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Training a Convoluted Neural Network to Model the Early Universe

Presentation #202.07 in the session Cosmology — iPoster Session.

Published onJun 29, 2022
Training a Convoluted Neural Network to Model the Early Universe

The Cosmic Microwave Background (CMB) radiation is the remnant of the birth of our Universe. For the first 200 Million years, the Universe was too hot and dense for atoms to form so protons and electrons roamed freely. Soon after, the Universe cooled down and atoms of hydrogen began to form. This period of our Universe is called the Epoch of Reionization (EoR) which occurred between 200-Million years to about 1 Billion years after the Bing Bang. This ushered in the first star formations and the CMB radiation that was initially detected. The Hydrogen of Epoch Reionization Array (HERA) in South Africa wants to build a detailed 3-Dimensional model of the evolution of the Universe that begins at the EoR period. The Universe is abundant in Hydrogen and HERA uses its large radio antenna array to detect fluctuations of neutral Hydrogen gas which emit at a unique wavelength of 21cm. As the 21cm signal travels across spacetime, it is redshifted. We can detect and measure the fraction of hydrogen that is ionized at a particular redshift by observing the redshifted emissions. This allows us to use the 21cm measurements to accurately reconstruct the optical to the last scattering surface of the CMB.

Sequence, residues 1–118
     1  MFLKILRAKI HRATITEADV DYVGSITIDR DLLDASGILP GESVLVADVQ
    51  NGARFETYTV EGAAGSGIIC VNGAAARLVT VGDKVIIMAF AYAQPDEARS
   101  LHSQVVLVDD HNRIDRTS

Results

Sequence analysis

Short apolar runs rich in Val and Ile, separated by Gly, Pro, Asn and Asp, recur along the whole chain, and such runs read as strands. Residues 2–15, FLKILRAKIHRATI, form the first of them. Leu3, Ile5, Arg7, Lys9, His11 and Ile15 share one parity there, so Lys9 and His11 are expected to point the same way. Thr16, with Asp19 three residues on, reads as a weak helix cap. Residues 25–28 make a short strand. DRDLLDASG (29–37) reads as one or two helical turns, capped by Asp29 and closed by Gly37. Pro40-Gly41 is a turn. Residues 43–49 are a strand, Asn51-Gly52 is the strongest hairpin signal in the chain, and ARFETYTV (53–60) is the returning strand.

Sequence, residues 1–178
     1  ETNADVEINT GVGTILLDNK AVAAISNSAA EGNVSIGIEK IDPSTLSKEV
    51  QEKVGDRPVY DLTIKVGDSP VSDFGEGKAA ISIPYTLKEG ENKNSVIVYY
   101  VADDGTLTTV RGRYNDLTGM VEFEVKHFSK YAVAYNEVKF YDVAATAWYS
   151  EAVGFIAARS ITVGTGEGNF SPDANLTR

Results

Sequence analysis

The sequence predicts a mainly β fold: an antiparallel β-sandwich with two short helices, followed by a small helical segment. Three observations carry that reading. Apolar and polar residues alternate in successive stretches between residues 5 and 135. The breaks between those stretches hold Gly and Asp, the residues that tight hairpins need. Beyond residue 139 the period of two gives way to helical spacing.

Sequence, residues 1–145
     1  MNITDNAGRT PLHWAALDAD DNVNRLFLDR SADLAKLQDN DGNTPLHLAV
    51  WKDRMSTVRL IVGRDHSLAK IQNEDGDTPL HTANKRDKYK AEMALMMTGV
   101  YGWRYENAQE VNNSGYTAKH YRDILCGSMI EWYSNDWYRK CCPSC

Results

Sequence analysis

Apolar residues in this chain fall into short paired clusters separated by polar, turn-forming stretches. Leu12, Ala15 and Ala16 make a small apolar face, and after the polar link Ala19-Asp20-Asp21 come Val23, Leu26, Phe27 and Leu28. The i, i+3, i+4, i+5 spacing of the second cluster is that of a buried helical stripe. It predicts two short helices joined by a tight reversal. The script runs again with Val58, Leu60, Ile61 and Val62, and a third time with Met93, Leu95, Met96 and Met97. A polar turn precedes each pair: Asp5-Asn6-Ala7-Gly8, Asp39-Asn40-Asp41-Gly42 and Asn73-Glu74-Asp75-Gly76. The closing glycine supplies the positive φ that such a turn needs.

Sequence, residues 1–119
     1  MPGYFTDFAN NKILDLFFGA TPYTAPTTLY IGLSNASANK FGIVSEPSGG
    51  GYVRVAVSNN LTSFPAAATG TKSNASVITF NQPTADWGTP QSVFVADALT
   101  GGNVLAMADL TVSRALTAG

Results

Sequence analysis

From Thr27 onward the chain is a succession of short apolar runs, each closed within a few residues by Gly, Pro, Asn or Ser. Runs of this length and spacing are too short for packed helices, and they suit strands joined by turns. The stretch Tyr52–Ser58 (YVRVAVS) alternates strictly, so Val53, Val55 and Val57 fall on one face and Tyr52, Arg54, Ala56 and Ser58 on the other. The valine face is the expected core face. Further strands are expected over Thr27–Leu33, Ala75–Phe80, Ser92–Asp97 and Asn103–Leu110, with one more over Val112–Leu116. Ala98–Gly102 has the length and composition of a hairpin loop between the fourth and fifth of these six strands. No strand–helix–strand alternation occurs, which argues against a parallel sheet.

I took 2-Dimensional slices of the EoR period from a toy mode at a particular redshift to train a Convolutional Neural Network (CNN) to identify dense regions of hydrogen gas. The algorithm mimics how neurons in the visual cortex process images. It adds weighs and biases to pixels of an image which the algorithm uses to learn from so it can make predictions about future data. The algorithm identifies what fraction of the test image corresponds to ionized regions to reconstruct the ionization history as we survey the different redshifts. The CNN normalizes the image after every convolution to make the learning process easier. After normalization, a MaxPooling function is used for the first two convolution layers to reduce the image size and capture key features of the ionized regions in the image. The data is passed through Hidden Layers which transfers the output from previous layers as inputs to the next layers. I tested a variety of CNN architectures for a 32×32 pixel image. The final CNN architecture was made up of an initial convolutional layer that began with 16 neuron inputs. The CNN takes an unorthodox approach by increasing the neuron inputs then reducing them to a single neuron output. This CNN was composed of 1,560 parameters at a noise level of 0.3. The network achieved an absolute error of 4.36% which is promising and demonstrate a network that can deal with realistic corruption of data.

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